Lately I have been noticing a lot of "come from behind" victories in various sports...and even in yesterday's Belmont Stakes horse race. In the horse racing world we saw the winner of the Kentucky Derby and Preakness, "I'll Have Another", denied a chance to be a "triple crown" winner by being hobbled the last week by a career ending ligament injury. While this is an unfortunate example of how fate often intervenes with potential history making accomplishments, it goes to show how even in the horse world ones health is always the "wild card" in determining if we can accomplish all we set out to do.
In the Belmont race yesterday, it appeared "Paynter" was in control from the start only to have "Union Rags" come from behind in the final quarter to win by a neck. The Belmont is the longest track in the triple crown at 1.5 miles and to that extent favors the distance runner over the sprinter. As I've gone through life I have time and time again noticed how many of us are great at "sprinting". We look good in short spurts, but when it comes to planning or pacing ourselves for the long haul...we tend to fail miserably. It appeared that Paynter ran out of gas on the home stretch compared to Union Rags who came on strong at the end. It's how you finish that counts in most races.
I consider myself a "late bloomer" in many things. I have felt moderate satisfaction in various challenges I have taken on in life, but never have felt I had my big "home run" moment with the bases loaded. Many of my goals and pursuits have come to me relatively late in life. I finally settled into a mutually satisfying long term relationship with a woman in my late 40s. I finally found "home" in Latin America in the past decade. I am just now getting serious and focused about a "retirement plan" in my mid 50s. In many things I am in a late life sprint towards reaching my potential...and I plan to finish STRONG!
I have seen and admired many "sprinters" in my life. You know...the people who initially or immediately impress you with almost fanatical passion for what they are trying to do in life. They are like a blur of motion and conditioning, seemingly unstoppable in their quest for life domination. Yet, sooner or later, many of these people get tired of the race, take their eyes off the goal and simply fade into almost non relevancy. You see many people as they age saying "if only I..." or "it is too late now, but I would have loved to...". Many of these people have too prematurely submitted their wills to public perceptions or fates that aren't necessarily finalized yet. Who says you can't find personal or economic success in your 60s or 70s? Who says you can't find love in your waning years? Who says you have to retire at 65 or some other perceived milestone?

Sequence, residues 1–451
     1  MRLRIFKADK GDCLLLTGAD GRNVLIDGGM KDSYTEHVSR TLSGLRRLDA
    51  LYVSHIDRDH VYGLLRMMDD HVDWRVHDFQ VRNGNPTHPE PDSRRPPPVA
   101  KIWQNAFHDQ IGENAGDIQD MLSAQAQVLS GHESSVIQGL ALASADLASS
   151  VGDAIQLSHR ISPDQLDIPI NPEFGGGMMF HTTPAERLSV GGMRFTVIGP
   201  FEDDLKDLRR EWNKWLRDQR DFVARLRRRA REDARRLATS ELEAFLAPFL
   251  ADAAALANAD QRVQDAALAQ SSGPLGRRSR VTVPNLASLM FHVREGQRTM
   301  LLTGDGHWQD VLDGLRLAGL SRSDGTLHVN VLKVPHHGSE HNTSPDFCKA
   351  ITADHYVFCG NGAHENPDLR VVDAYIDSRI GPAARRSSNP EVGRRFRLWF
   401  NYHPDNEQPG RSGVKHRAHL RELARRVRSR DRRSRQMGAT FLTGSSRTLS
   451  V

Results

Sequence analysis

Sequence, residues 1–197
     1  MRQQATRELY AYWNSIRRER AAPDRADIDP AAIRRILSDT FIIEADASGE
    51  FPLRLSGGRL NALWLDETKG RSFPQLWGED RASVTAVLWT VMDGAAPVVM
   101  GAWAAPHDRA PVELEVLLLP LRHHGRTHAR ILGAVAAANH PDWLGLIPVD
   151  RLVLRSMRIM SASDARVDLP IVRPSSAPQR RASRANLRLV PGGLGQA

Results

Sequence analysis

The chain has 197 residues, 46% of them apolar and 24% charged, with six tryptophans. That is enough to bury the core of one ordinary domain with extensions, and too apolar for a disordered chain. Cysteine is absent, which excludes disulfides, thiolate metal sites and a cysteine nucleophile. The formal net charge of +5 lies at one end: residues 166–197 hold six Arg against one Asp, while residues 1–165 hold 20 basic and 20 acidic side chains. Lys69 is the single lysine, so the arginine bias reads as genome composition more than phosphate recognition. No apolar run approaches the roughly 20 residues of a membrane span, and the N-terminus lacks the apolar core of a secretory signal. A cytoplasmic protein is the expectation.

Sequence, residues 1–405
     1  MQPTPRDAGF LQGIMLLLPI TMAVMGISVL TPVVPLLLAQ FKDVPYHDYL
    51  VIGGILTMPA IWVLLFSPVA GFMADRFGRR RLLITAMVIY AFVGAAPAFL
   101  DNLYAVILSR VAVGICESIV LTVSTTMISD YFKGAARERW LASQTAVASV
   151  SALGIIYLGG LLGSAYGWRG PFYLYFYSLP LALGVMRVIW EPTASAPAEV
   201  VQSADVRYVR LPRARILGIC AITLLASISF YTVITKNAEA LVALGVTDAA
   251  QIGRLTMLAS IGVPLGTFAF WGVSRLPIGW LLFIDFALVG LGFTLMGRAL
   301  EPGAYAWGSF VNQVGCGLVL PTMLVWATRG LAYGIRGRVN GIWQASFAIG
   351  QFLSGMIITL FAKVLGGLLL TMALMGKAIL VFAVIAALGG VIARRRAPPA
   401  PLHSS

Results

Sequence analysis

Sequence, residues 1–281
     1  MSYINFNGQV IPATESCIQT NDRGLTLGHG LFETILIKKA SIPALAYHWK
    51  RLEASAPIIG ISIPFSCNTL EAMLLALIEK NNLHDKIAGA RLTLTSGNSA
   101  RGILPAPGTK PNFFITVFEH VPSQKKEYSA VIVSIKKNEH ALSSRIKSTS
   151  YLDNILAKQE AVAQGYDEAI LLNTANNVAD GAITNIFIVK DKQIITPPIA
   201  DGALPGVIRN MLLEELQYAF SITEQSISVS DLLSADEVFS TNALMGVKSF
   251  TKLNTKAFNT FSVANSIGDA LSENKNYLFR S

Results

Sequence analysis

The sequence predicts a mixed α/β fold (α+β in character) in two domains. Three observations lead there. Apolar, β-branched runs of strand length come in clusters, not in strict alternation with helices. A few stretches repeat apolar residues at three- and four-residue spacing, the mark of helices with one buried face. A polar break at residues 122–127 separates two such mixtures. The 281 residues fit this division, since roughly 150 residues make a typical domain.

I have often found encouragement in articles or lists of people such as THIS ONE who either made their success in the later decades or overcame many failures before finally succeeding. Since I have had my share of failures or MODERATE successes, I would obviously find these stories stimulating to keep me going at times. After all, I have always favored the following two quotes on the subject...
The only real failure in life is the failure to try.
There are no failures – just experiences and your reactions to them.
Most everyone gets off to a bad start in life. We tend to be surrounded by friends, family and societies who try and tell us what we CAN'T or SHOULDN'T do. They try and tell us how ordinary and "bad" we are for not fitting in or wanting our own way. "No" is usually the first word many babies learn in life. For many of us it takes DECADES to overcome the devastation of our negative programming...and most never fully recover from it.
I am happy to say that I have found a number of people in my life who are super productive and passionate about life and what they are doing...even in their 60s and 70s. I play tennis with a couple guys who have completed 80 and still play a tough game. The idea is to never give up on your realistic goals or passions. If you stop using it, you will lose it... that's one of my mottos as well.
Life is about energy, inertia and motion. When we stop living, we start dying...and its not a pretty sight. So...from the nucleus of our beings...let’s all determine to finish strong...going out in a flame of fire or desire. After all, that's how most good stories end...a courageous FINISH.